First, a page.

Pillar-induced droplet merging in microfluidic circuits

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Original entry: Tony Orth, APPHY 226, Spring 2009

Xize Niu, Shelly Gulati, Joshua B. Edel, and Andrew J. deMelloa, Lab On a Chip (2008), 8, 1837-1841 [1]


"A novel method is presented for controllably merging aqueous microdroplets within segmented flow microfluidic devices. Our approach involves exploiting the difference in hydrodynamic resistance of the continuous phase and the surface tension of the discrete phase through the use of passive structures contained within a microfluidic channel. Rows of pillars separated by distances smaller than the representative droplet dimension are installed within the fluidic network and define passive merging elements or chambers. Initial experiments demonstrate that such a merging element can controllably adjust the distance between adjacent droplets. In a typical scenario, a droplet will enter the chamber, slow down and stop. It will wait and then merge with the succeeding droplets until the surface tension is overwhelmed by the hydraulic pressure. We show that such a merging process is independent of the inter-droplet separation but rather dependent on the droplet size. Moreover, the number of droplets that can be merged at any time is also dependent on the mass flow rate and volume ratio between the droplets and the merging chamber. Finally, we note that the merging of droplet interfaces occurs within both compressing and the decompressing regimes."

Surface Tension Phenomena

Figure 1
Figure 2
Figure 3

The goal of this study is to engineer a device which passively merges droplets and achieves some control over the number of droplets to be merged. The authors construct a tapered pillar region which is wider than the channel feeding into it. The pillars are the same height of the channel (ie. single exposure photolithography is used to create the master for the PDMS device) and are arranged two in two rows on either side of the channel as shown in figure 1. The pillars are wider further down the channel, hence a regular "tapered" pattern of pillars. When a single drop with dimensions comparable to the spacing between the rows of pillars enters he expanded channel/pillar region, it is trapped. The authors explain this by looking the the hydrodynamic and Laplace pressures at play. The pressure drop across the the interface at the tail - subscript "t" (head - subscript "h") of the droplet is <math>\Delta P_{t,h} = \gamma (1/r_{t,h} + 2/H)</math> where <math>r</math> is the radius of the appropriate end of the drop and H is the height of the channel so that H/2 is the radius of curvature in the direction orthogonal to the micrograph. Alternatively, one can replace one of the radii of curvature with the taper angle <math>\alpha</math> as defined in figure 2. The pressure drop from the region just outside the drop tail to just outside the drop head is: <math>\Delta P_d = \gamma L tan\alpha/(r_1(r_1 - Ltan\alpha))</math>. There is also a hydrodynamic pressure drop associated with pressure driven flow. The authors denote this also as <math>\Delta P_d</math> and se tit equal to a sum of two terms, one of which is proportional to a flow rate into each of the small channels between the pillars. For <math>n</math> pillars, this flow rate is <math>Q_1 = Q/n</math> where Q is the unperturbed channel flow rate. The hydrodynamic pressure drop associated with this term is <math>\propto Q_1 \propto 1/n</math> so that as the drop moves into the pillar chamber, the effective number of pillars <math>n</math> increases and so this pressure differential decreases. The authors then note the competition between this hydrodynamically induced pressure drop and the Laplace pressure drop. As the drop enters the chamber, the two become closer in magnitude until they are equal and the drop is stuck.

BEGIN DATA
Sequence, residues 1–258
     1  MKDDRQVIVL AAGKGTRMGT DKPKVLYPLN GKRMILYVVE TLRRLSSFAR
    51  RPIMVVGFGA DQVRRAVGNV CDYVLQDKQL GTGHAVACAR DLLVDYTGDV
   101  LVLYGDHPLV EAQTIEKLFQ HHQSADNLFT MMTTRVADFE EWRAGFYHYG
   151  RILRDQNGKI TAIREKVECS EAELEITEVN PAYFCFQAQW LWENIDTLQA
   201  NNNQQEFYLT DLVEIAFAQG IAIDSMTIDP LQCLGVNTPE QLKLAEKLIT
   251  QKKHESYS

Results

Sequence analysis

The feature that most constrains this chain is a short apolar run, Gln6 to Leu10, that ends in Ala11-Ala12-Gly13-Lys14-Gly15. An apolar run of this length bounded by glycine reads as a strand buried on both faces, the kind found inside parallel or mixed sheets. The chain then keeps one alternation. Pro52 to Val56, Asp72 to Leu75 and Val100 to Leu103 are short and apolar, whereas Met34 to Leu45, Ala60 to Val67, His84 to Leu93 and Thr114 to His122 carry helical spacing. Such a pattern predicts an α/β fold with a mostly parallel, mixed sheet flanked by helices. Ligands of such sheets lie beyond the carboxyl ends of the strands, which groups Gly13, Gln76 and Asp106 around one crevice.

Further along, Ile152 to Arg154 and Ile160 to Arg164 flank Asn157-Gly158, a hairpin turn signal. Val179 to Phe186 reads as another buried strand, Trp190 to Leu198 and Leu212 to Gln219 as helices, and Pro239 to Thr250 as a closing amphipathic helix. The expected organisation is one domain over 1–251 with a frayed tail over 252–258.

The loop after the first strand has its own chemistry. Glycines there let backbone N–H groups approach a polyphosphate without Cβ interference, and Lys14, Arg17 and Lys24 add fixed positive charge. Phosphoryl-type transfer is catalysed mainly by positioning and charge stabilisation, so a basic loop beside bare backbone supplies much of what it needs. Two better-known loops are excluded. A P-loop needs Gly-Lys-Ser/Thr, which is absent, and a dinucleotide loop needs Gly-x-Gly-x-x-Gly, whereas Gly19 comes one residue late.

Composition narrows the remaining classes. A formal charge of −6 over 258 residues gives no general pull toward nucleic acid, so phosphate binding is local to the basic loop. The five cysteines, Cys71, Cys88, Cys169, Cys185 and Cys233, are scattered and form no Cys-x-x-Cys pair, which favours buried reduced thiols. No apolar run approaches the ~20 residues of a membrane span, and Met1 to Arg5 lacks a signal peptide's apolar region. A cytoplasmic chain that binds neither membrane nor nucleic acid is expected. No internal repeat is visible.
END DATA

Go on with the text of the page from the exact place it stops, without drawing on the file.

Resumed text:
The authors report that this trapping arrangement is very stable; drops can be made to sit in the merging chamber for hours upon end. When another drop enters the chamber, it coalesces with the first droplet if the two together roughly fill the chamber. Up to 5 drops have been made to merge in this fashion. Unfortunately, the authors do not discuss the merging dynamics to a great extent; the drops merge in less than 40 <math>\mu s</math> in some cases. Mixing occurs very rapidly (see figure 3) which is advantageous as it is usually quite difficult to efficiently mix different substances within drops. Presumably the energy released by the rupture of the interface of the drops is partially transferred into kinetic energy of the fluid causing chaotic advection within the drop.

Questions: Why does the interfacial pressure drop act in a direction opposite to that resulting from the pressure driven flow (figure 1). Shouldn't there be a bigger pressure drop across the head interface so that the fluid outside the drop head is at a lower pressure than that just outside the tail? This would result in a force in the same direction as the flow which does not counter the hydrodynamic pressure drop.